It’s been a rough month for Monarch Casino in Black Hawk. Just weeks after the casino was slapped with a $400,000 fine for employee misconduct tied to sports wagering on Feb. 15, it got hit for even more money, $500,000, in a robbery on March 12.
The latter was the largest casino heist in Colorado history.
While supposedly unrelated, both the robbery and the fine involved the casino’s own employees. And both occurred because of failures in the casino’s internal controls system.
Monarch Casino will audit internal controls after heist and fine
Casino gambling in Colorado is limited to three small towns: Black Hawk and Central City, both west of Denver, and in Cripple Creek, west of Colorado Springs. Colorado online casinos are limited to sweepstakes and social casinos, which can be free to play and give out cash prizes.
Monarch Casino offers 40 gaming tables and nearly 1,000 slot machines on top of its sportsbook and 250-seat buffet. Its parent company, Monarch Casino and Resort Inc., reported Q4 2022 revenues of $120.5 million.
After the robbery and fine, the casino has agreed to audit its internal controls and implement system upgrades to its sports betting platform. It will also make improvements to its geo-location services, which are designed to flag and prohibit out-of-state bettors.
Monarch Casino will certainly improve the vetting and monitoring of its employees after being taken for nearly $1 million, along with changes to protocol and procedures. Even stricter sanctions are expected to be levied by the Colorado Limited Gaming Control Commission.
State Commission fines Monarch for allowing out-of-state sports betting
The $400,000 fine was imposed on the popular Colorado casino after three of its employees allegedly placed bets on behalf of off-site customers. The fine was one of the largest of its kind levied by the gaming commission.
Reportedly, the sportsbook manager and two sportsbook tellers made 79 bets on behalf of people who weren’t at the casino. Supposedly, 57 of the people were not even located in the state, a more-severe infraction.
The bets totaled more than $60,000. All three of the employees in question have been fired and arrested.
Employee who took money from Monarch says boss told her to do it
Then, less than a month later, a different casino employee supposedly stole $500,000. The two are unrelated, according to a casino spokesperson.
In the heist, casino cashier Sabrina Eddy was allegedly caught on surveillance video just after midnight on March 12 taking cash bricks of $50,000 from the vault in the casino cage. She then carried them out of the casino, according to an affidavit obtained by Black Hawk’s local NBC affiliate.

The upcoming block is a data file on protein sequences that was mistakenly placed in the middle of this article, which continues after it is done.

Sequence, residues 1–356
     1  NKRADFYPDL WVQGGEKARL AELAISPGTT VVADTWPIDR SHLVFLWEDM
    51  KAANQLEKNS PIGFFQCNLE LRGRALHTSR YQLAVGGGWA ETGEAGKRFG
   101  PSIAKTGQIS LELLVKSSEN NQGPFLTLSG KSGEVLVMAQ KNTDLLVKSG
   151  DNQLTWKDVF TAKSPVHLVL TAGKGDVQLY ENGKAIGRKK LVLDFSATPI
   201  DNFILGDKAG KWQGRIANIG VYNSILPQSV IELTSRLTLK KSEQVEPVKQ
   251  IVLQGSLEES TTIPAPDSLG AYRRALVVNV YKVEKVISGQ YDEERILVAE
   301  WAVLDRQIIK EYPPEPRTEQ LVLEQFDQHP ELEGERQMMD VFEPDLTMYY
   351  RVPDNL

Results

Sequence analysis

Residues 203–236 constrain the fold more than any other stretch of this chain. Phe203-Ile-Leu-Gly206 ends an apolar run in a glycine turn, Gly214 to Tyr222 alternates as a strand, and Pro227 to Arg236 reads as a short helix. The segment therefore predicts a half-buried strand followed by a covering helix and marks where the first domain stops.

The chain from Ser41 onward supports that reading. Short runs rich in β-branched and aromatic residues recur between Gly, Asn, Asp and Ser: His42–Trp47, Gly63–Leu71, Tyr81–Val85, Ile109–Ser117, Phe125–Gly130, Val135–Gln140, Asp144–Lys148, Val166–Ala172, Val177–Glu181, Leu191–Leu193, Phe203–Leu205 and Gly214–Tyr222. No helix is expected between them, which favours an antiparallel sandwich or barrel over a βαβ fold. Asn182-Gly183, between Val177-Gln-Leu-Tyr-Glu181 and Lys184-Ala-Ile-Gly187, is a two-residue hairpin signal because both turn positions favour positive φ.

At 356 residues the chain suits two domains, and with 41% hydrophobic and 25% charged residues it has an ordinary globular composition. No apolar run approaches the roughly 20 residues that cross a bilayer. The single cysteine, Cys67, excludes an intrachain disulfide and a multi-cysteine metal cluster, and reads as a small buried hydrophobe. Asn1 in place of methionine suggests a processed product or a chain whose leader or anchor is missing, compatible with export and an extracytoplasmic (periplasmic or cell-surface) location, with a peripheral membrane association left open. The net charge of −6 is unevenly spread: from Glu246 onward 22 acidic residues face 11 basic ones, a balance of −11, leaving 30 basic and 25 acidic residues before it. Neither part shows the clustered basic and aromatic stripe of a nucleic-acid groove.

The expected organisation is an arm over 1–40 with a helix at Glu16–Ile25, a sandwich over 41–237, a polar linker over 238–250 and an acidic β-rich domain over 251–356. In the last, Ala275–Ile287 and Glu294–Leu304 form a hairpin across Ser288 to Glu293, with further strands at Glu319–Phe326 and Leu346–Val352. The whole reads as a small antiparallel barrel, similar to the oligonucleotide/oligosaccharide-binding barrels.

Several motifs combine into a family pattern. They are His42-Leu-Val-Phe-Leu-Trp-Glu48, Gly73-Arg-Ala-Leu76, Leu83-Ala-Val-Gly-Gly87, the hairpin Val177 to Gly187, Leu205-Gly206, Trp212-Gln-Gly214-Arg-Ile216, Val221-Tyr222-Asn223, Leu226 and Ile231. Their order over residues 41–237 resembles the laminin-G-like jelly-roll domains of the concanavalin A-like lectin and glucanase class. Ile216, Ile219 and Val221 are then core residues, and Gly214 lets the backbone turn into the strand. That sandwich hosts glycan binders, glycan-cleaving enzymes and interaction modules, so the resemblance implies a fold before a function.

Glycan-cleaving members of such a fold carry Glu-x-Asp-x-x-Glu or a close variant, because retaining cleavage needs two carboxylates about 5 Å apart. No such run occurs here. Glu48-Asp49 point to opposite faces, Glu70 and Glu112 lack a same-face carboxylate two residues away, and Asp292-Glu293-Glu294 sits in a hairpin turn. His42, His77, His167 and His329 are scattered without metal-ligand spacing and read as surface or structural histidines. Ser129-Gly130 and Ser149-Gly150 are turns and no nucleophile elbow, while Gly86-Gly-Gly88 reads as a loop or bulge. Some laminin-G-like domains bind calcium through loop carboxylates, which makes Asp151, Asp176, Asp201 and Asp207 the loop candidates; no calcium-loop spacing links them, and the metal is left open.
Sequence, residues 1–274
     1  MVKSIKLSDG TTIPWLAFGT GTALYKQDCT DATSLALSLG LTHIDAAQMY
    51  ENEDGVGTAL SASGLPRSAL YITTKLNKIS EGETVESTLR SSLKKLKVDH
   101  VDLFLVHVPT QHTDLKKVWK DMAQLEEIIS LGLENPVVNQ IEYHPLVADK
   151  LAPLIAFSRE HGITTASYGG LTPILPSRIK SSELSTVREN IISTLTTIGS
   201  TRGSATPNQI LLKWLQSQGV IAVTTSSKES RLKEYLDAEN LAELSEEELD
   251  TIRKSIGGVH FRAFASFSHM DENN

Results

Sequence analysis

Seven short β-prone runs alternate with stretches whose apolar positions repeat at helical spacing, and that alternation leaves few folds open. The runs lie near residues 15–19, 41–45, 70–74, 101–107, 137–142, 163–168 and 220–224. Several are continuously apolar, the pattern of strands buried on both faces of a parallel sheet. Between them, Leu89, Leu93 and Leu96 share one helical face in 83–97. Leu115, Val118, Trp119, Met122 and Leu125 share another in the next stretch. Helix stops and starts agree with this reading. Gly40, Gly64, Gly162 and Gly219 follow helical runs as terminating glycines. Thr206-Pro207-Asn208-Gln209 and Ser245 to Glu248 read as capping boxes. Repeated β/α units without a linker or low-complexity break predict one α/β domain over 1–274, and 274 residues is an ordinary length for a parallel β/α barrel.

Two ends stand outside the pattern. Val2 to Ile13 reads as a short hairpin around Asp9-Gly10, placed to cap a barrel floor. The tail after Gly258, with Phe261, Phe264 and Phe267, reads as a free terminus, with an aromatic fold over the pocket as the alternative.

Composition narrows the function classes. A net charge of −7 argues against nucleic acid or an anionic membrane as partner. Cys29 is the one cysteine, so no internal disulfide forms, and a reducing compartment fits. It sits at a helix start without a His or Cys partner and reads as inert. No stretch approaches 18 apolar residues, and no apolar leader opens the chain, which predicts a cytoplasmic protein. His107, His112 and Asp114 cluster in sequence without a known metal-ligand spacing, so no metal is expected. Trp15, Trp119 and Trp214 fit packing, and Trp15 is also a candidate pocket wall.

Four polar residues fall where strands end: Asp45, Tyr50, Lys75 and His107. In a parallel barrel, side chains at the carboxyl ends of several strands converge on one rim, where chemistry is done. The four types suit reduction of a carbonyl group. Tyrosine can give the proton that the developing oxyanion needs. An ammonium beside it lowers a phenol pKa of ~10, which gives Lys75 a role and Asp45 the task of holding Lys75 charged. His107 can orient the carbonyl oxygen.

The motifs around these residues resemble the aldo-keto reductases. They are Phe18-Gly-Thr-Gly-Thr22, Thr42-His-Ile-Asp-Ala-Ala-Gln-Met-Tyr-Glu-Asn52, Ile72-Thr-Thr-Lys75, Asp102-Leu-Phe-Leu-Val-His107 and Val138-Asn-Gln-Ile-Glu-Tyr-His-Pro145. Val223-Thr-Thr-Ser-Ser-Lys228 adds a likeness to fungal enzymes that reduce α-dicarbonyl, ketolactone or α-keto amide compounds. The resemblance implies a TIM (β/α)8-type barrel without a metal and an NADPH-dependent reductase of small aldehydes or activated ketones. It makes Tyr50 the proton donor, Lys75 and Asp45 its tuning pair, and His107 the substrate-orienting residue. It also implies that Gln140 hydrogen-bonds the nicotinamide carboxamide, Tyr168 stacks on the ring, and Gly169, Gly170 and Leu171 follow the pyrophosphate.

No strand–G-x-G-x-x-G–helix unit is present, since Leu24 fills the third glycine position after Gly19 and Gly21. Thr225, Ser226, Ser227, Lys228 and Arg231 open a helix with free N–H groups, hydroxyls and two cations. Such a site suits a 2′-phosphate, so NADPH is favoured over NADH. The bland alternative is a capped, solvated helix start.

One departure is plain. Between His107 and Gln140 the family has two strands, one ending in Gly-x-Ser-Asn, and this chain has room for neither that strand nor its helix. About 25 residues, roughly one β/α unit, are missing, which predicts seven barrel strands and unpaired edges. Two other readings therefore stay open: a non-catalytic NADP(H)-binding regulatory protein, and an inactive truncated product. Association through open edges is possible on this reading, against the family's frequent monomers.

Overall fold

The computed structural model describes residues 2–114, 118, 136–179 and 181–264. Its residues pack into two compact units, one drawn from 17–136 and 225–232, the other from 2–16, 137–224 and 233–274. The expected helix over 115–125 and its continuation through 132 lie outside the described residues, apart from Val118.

Eddy took the money to a van waiting in the parking garage, got in and drove off. Then, she returned an hour later and grabbed four more cash bricks and drove off again, according to the affidavit.
“Each time Eddy grabbed the stacks, she placed the stacks into the same box. She put what appeared to be cleaning rags in the box and, at about 12:55 a.m., she taped the box shut.”
Eddy has maintained her innocence. She said a casino supervisor instructed her to take the money to St. Anthony’s Hospital in Denver, which she did. She allegedly gave the money to an unidentified man there. She called the casino at one point to let them know she was coming back to the casino. Eddy was arrested later the same day and sent to Gilpin County Jail, where she remains after failing to make bond.
Casino heists and casino crimes in Colorado
While Eddy’s alleged theft is the state’s largest casino crime up to this point, these types of crimes are not unheard of.
In 2003, a Cripple Creek casino security guard was suspected of stealing $300,000 from JP McGills. Then, in 2010, Central City’s Famous Bonanza Casino was robbed by a man with a gun for $28,000 before being shot, arrested, and eventually sentenced to more than 200 years in prison.
Colorado Department of Revenue Spokeswoman Suzanne Karrer told the Denver Post that casino thefts occur all the time.
“This latest case (of stealing from a casino) is the largest theft we can find, but small thefts occur regularly. And fraudulent acts are the crime we respond to the most, getting several every week.”
In 1993, only two years after casinos were legally allowed to operate in the state, armed robbers stole $8,000 from Gold Rush Casino and Hotel in Cripple Creek before they, too, were arrested.